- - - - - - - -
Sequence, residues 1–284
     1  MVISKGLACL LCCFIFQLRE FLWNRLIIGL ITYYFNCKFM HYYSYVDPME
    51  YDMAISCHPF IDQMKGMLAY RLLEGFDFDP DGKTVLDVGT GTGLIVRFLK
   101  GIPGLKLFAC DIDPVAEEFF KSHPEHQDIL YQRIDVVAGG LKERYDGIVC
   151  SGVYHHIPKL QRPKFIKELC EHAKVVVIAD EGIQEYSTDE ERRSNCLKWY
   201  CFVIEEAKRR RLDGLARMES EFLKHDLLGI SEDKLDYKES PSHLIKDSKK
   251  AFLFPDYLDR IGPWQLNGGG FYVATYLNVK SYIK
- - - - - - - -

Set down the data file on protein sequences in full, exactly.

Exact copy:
Sequence, residues 1–284
     1  MVISKGLACL LCCFIFQLRE FLWNRLIIGL ITYYFNCKFM HYYSYVDPME
    51  YDMAISCHPF IDQMKGMLAY RLLEGFDFDP DGKTVLDVGT GTGLIVRFLK
   101  GIPGLKLFAC DIDPVAEEFF KSHPEHQDIL YQRIDVVAGG LKERYDGIVC
   151  SGVYHHIPKL QRPKFIKELC EHAKVVVIAD EGIQEYSTDE ERRSNCLKWY
   201  CFVIEEAKRR RLDGLARMES EFLKHDLLGI SEDKLDYKES PSHLIKDSKK
   251  AFLFPDYLDR IGPWQLNGGG FYVATYLNVK SYIK